The Mules have been processing acorns. First gathering, then shelling, then pounding into a cornmeal type consistency, then leeching in water for about 5 days, then drying out, at which time they’ll be ready to eat.
After shelling the acorn and it’s still green and moist it’s pretty easy to pound them up into a cornmeal consistency. They leach a lot faster than if you were to leach them when the acorns are in a whole condition.
What do they taste like you ask and wonder? Well not good, not bad. The Mules suspect when the grocery stores are empty and you’ve been walking all day in search of something to eat, a bag of acorn flour in your pack that you can reach into and get some to eat, will taste pretty good. Of course at that point and beyond, taste is not really much of a concern. When the stomach wants food, it’ll take anything it can get without the slightest protest as to what it is or what it taste like.
The Mules were walking down a dusty road on a hot summer’s day in Mendocino County when a lady named Mary and her husband came upon us in their automobile, stopped and inquired as to where we were going. We said Covelo. She said where are you from? We said everywhere. Mary then looked around, reached around to the back seat bringing forth a jar of something. She said do you like honey? We said yes. She then handed us a jar of honey.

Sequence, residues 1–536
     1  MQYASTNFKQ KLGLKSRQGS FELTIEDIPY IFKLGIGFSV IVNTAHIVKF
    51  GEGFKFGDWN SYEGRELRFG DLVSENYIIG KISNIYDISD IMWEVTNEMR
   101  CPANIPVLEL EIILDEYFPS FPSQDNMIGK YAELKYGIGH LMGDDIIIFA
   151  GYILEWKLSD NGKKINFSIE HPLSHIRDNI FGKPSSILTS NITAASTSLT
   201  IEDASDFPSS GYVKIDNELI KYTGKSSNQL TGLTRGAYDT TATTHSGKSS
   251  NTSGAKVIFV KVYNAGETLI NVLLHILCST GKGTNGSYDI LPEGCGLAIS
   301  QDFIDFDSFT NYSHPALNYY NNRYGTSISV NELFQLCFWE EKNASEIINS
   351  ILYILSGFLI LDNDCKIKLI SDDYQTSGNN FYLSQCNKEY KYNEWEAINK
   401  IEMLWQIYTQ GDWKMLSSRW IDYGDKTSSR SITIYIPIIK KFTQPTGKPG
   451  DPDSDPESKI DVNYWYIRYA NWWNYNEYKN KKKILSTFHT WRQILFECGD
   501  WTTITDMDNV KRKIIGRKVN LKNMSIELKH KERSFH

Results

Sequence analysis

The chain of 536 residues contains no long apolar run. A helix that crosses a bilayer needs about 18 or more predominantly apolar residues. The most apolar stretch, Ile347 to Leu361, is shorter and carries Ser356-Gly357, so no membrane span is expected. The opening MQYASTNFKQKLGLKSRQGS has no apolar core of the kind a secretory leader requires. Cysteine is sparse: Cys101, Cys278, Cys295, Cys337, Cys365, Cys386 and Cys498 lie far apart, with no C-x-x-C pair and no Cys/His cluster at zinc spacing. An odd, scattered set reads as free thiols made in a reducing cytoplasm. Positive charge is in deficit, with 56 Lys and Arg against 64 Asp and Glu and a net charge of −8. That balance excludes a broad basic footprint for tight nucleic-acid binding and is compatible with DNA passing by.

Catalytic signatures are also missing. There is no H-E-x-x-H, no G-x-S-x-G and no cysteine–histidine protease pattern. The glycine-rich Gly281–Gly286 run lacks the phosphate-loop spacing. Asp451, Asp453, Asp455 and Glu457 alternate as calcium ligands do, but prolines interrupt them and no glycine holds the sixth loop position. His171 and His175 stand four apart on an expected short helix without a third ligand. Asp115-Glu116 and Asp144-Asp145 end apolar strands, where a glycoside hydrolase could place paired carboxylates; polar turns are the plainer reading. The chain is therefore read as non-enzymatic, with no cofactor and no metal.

This honey did not look the same as honey we were use to seeing on grocery store shelves. Its color was pale yellow. Later that evening, we found out that it would not run from the jar in 90F degree weather and it was stiff as a board. We then decided to taste this unusual jar of honey so we did and found it to have a most unique flavor and texture never before experienced during our 70 years off again on again casual consumption of honey with such a unique delectable taste.
After about a week to ten days of consuming Mary’s honey and finishing the last bit in the jar, the Mules said to themselves what are the chances of ever tasting honey like that again? The Mules said back to themselves “zero”. We are one timers, good things happen just once, the Mules have learned from 70 past years. Don’t try for a second shot you’ll miss.
On July 26, 2017, we posted on Facebook about Mary’s honey and said “If you see Mary please tell her the Mules need another jar.” We received several responses and one said that it was Mary Osteen’s honey and that Mary is at the Covelo farmers market every Friday.
Well, after about 3/4 weeks, the Mules got a message on Facebook from a lady named Dolores and she said she knew of this notorious lady in Covelo named Mary who sold this delicious unusual honey that would not leave the jar when turned upside down. She knew how to acquire yet another jar of Mary’s honey for us the Mules. The Mules said great.
Dolores said she’ll send it on a fast track. We said we travel a slow track. She said okay slow track. Where? The Mules pondered some then requested that Dolores send this now mysterious jar of honey that won’t leave the jar to a lady named Patricia, who is another friend of the Mules and lives in Norco, CA, a place like Mary’s honey with its own uniqueness where human beings practice and know the extreme value of this ages old sacred relationship between Man, Horse and Earth.
Thus the Mules thank Dolores for sending the Mules another jar of this delectable honey. We also thank Patricia and Mark with us in this picture for being so helpful to the Mules by giving us a place in Norco for a few days to catch up with mail.